Dog Faeces & Civic Pride.

Thurles as a midland town has everything one could wish for; Theatres, Nightclubs, a Swimming pool, Gyms, a Museum, a County Library, excellent Shops, Restaurants, Hotels, Top Primary & Secondary Schools, Two Excellent Third Level Institutions and a very low crime rate. Indeed, as a place to live you could not find better, with caring neighbours and for the moment at least, affordable housing.

The Covid-19 pandemic in Co. Tipperary has seen an upsurge in the purchase of dogs as household pets. In turn, prices for dogs have soared in value and lockdown has even led to a higher business turnover for vets, because of this wish to increase canine ownership.

During lockdown people have turned to ‘man’s best friend’ for comfort and support and dogs have been a positive addition, great company and even protection for those living alone in many homes.

This sudden increase in dog ownership has regrettably demonstrated a negative side also. One major downside for people residing in Thurles, (whether they own a dog or not), has been an increase in dog fouling around our streets and public park areas. This has suddenly given an annual voice to some local councillors and to community activists, latter with an eye to becoming possible future councillors.

An bhfuil cead agam dul go dtí an leithreas? Irish: Can I go to the toilet?

With more people out exercising their new dogs, instances of dog defecation on footpaths have risen somewhat and many local residents have become mildly annoyed by the problem, especially those whose homes directly open unto footpaths and road frontage.

Dog Fouling – One Solution.

If dog fouling is a problem on our streets, what can we do to solve it and who can we turn to for help?

Local authorities are responsible for the control of dogs under the Control of Dogs Act 1986. They can appoint dog wardens, impose fines and take court action against dog owners. Tipperary County Council currently employ two dog wardens.

Although one might be quick to criticise Tipperary County Council officials and their appointed dog wardens, for failing to deal with the situation, dog fouling is a nationwide problem that all Municipal District Councils are finding extremely difficult to manage.
Why? Because Dog fouling is almost impossible to police under current legislation. To impose a fine on a dog owner who lets their dog defecate on a footpath without appropriate remedy; you need to catch them in the act and they have to refuse to clean it up. Most people when directly shamed or threatened with a fine by the dog warden, will pick up their dog’s faeces.

Under these conditions, it’s not realistic to expect a dog warden alone, to deal with such issues, especially when one also considers the fact that the majority of people walk their dogs early in the morning and late in the evening, when the dog warden is off duty.
With few onlookers and the public in general reluctant to shame such individuals into compliance, and with the dog warden’s back turned, it is a temptation during quieter times of the day to leave dog faeces on the footpath.

Thankfully, this issue has already been recognized at government level. The existing laws to deal with dog fouling are now recognised as being inadequate. A more logical and practical approach to policing irresponsible dog owners has been proposed through a Bill (Deputy Seán Crowe TD, Dublin South West), to amend the Litter Pollution Act of 1997. Mr Crowe seeks to amend existing legislation to, “make it an offence for a person, in charge of a dog in a public area, to fail to produce evidence of having a suitable bag or other instrument with which to dispose properly of dog faeces, when requested to do so by a dog warden, a litter warden or a member of An Garda Síochána”.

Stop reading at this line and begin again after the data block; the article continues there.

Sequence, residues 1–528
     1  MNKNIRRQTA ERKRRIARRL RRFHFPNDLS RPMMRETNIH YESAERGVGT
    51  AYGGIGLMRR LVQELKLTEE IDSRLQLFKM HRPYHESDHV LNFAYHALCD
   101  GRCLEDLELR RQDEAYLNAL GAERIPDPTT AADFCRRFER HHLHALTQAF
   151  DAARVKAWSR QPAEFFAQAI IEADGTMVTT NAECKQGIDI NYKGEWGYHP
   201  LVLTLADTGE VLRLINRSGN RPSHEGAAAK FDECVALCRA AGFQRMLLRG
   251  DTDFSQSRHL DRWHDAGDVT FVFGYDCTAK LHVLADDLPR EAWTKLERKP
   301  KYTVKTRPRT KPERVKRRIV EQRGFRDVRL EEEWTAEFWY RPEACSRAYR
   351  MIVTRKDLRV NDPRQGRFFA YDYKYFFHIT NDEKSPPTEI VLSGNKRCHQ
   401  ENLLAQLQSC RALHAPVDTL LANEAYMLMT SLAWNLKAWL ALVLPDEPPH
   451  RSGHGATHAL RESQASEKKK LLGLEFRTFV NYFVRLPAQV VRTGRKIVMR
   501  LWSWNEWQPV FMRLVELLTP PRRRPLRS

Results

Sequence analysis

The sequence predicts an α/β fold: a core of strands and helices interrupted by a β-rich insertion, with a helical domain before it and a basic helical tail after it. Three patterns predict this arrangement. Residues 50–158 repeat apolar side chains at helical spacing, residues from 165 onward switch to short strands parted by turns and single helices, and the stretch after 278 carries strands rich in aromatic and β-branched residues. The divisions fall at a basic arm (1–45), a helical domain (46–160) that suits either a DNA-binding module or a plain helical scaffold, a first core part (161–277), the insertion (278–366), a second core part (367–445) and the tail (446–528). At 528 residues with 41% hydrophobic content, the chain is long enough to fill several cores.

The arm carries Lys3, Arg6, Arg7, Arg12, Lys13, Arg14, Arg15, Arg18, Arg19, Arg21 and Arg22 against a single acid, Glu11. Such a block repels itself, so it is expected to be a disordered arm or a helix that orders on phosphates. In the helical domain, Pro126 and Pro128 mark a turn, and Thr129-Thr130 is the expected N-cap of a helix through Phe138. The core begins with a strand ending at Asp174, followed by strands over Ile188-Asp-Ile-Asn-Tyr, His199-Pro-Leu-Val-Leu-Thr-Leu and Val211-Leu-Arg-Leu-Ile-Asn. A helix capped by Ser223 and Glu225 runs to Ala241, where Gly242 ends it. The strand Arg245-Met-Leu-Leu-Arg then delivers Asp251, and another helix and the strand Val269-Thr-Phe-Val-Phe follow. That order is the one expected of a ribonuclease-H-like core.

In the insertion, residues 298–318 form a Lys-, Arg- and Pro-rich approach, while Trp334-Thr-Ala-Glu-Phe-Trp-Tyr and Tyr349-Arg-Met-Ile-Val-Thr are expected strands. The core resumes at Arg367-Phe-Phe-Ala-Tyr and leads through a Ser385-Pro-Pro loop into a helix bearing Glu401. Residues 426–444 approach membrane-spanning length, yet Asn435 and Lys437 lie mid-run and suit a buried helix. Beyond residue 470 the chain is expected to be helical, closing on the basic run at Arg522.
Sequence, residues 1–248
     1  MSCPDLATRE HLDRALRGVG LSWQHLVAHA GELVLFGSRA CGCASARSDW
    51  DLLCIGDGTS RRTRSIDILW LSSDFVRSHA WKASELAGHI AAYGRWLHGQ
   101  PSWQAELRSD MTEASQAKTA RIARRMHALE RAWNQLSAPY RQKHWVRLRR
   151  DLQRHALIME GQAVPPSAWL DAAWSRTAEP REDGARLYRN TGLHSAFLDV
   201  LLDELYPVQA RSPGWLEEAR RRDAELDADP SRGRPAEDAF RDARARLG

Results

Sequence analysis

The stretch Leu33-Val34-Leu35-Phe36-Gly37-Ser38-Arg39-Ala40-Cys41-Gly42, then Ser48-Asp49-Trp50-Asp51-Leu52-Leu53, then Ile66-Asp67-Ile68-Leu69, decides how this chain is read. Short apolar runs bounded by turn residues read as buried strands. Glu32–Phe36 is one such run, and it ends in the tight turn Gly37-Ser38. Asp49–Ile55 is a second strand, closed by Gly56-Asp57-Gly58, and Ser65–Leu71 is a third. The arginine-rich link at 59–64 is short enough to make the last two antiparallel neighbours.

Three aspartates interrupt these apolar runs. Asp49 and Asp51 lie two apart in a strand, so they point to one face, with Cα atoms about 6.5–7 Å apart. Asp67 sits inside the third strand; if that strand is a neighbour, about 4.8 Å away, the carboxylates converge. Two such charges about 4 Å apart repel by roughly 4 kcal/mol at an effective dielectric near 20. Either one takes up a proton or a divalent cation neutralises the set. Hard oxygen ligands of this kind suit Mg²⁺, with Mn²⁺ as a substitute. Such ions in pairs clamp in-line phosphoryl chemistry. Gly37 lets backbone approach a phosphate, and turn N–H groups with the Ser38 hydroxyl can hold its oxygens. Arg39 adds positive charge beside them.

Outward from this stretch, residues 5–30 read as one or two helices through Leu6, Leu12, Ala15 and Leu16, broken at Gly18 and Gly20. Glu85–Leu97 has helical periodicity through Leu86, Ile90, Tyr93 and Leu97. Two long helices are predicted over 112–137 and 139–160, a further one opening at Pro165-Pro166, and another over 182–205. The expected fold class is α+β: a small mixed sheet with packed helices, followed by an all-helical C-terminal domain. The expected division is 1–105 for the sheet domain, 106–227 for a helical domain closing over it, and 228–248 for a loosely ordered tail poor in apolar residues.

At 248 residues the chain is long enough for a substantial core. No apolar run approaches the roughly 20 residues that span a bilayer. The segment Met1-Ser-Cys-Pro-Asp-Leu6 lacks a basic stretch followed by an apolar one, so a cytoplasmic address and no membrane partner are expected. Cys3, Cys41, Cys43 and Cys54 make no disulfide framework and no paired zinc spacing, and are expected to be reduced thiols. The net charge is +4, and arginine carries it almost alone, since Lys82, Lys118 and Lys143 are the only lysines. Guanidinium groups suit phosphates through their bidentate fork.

This proposal Bill therefore if adopted, (and there is every probability that it will be unobstructed) will make recent local radio and press reports almost antiquated.

More However Is Still Needed

More effective policing is certainly one solution, but much more is also needed. Once a dog owner picks up their dog faeces, it is vital that they have a suitable place to dispose of it. This is one small area where Tipperary County Council can do more; by simply installing an adequate network of bins on our streets and in our park lands. At least then, dog owners won’t be deterred from cleaning up, in the knowledge they are no longer forced to carry dog faeces on their person, over long distances.

To be fair to Tipperary County Council, same have provided dispensers and free bags (Mutt Mitt a degradable pick-Up Mitt), and raised awareness of the issue.

Dog fouling is not only an unsightly and filthy nuisance, but it is also a dangerous health risk. Dog faeces can expose us to illnesses, with children and pregnant women most at risk. Toxocariasis, an albeit rare condition, can be contracted from infected dog faeces and can cause organ damage and eye disease.

“Every problem has a solution and if a problem doesn’t have a solution, then it’s a fact of life, legislate or live with it.”

There’s a wise old saying, “Every problem has a solution and if a problem doesn’t have a solution, then it’s a fact of life, legislate or live with it.”
Dog fouling doesn’t have to be a fact of of life, but the solution to the problem of dog faeces isn’t simple either. It will involve a combination of better legislation, policing, deterrents, facilities, education and greater public awareness.
Tipperary County Council will have a lot more work to do, to change dog owners mindsets, but in the end local pedestrians, prampushers and cyclists will be extremely grateful and supportive.


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